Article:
In this incisive reinterpretation of the history of the American labor movement, Howard Kimeldorf challenges received thinking about rank-and-file workers and the character of their unions. Battling for American Labor answers the baffling question of how, while mounting some of the most aggressive challenges to employing classes anywhere in the world, organized labor in the United States has warmly embraced the capitalist system of which they are a part. Rejecting conventional understandings of American unionism, Kimeldorf argues that what has long been the hallmark of organized labor in the United States—its distinctive reliance on worker self-organization and direct economic action—can be seen as a particular kind of syndicalism.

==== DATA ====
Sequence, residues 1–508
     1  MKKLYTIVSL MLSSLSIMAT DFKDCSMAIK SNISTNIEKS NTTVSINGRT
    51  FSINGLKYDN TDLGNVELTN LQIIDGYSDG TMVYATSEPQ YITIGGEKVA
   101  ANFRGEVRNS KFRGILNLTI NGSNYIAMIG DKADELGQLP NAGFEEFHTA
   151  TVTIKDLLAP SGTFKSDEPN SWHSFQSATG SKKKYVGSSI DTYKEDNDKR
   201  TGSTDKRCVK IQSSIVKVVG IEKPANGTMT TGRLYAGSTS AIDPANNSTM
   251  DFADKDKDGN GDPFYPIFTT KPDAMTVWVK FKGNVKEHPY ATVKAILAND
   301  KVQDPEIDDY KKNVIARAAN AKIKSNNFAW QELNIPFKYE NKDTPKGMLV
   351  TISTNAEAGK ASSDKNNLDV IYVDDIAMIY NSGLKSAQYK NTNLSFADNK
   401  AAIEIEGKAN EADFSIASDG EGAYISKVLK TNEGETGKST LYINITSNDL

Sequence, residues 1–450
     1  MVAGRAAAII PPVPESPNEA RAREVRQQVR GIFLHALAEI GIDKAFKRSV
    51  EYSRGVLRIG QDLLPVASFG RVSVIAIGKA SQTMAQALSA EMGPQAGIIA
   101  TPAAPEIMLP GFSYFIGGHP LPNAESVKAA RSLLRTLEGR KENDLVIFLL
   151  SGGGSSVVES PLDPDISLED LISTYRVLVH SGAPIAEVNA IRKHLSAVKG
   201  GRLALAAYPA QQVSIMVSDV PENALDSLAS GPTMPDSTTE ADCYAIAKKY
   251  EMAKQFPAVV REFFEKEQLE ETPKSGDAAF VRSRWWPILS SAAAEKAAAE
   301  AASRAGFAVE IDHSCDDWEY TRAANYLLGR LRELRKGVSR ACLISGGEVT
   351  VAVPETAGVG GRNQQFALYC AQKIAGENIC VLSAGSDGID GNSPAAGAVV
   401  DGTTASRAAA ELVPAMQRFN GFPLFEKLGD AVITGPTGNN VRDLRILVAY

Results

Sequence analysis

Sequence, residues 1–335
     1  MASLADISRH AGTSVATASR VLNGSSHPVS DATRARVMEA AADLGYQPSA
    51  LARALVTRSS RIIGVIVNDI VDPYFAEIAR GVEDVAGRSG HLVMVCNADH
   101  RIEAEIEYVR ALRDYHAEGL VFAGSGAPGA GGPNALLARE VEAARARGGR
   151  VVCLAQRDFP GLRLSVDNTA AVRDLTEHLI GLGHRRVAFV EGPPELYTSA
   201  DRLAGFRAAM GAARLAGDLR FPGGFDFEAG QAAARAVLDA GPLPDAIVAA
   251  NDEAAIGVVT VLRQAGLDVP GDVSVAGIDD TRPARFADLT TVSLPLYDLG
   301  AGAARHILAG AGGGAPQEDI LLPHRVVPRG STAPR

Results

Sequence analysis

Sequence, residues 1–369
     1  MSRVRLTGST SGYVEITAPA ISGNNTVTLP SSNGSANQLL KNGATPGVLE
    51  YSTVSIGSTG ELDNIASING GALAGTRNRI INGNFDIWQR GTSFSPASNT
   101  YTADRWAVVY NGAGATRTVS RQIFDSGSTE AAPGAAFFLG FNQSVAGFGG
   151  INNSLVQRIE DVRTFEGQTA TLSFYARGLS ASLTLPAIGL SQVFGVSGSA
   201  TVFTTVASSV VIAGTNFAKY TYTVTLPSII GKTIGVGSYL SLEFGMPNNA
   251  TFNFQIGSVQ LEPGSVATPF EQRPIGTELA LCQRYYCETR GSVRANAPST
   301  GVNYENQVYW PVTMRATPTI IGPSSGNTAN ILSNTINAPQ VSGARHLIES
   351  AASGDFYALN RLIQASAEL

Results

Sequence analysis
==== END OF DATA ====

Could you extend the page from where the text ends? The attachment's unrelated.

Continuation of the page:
Kimeldorf brings this syndicalism to life through two rich and compelling case studies of unionization efforts by Philadelphia longshoremen and New York City culinary workers during the opening decades of the twentieth century. He shows how these workers, initially affiliated with the radical IWW and later the conservative AFL, pursued a common logic of collective action at the point of production that largely dictated their choice of unions. Elegantly written and deeply engaging, Battling for American Labor offers insights not only into how the American labor movement got to where it is today, but how it might possibly reinvent itself in the years ahead.